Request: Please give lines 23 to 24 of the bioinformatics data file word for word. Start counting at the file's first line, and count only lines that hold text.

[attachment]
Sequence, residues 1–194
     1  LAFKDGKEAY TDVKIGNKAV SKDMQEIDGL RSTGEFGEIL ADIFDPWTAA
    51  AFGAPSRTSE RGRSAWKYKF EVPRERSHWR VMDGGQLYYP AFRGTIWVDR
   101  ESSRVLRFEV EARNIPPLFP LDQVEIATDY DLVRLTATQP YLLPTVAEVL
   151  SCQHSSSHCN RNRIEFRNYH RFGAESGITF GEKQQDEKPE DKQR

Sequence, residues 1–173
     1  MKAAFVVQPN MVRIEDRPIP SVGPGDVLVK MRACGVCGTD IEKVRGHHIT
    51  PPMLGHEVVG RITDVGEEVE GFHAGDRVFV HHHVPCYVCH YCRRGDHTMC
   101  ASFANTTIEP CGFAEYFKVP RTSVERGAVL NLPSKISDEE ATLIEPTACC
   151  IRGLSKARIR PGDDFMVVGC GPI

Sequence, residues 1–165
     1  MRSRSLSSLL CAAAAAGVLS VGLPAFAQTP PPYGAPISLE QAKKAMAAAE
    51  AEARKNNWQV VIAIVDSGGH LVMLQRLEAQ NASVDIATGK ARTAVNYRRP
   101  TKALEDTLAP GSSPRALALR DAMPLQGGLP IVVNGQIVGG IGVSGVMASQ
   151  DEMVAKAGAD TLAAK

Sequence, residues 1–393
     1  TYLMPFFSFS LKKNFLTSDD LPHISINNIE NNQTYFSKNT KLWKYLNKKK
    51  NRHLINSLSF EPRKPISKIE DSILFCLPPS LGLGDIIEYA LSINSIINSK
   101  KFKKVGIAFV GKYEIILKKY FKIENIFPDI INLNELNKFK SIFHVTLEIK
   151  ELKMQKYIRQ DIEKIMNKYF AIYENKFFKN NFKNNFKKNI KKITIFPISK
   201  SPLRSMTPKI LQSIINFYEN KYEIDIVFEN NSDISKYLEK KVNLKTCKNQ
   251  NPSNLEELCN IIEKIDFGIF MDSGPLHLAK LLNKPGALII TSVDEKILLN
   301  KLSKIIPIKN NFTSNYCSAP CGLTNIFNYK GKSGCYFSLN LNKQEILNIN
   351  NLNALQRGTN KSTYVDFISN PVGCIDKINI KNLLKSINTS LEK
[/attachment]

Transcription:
   301  KLSKIIPIKN NFTSNYCSAP CGLTNIFNYK GKSGCYFSLN LNKQEILNIN
   351  NLNALQRGTN KSTYVDFISN PVGCIDKINI KNLLKSINTS LEK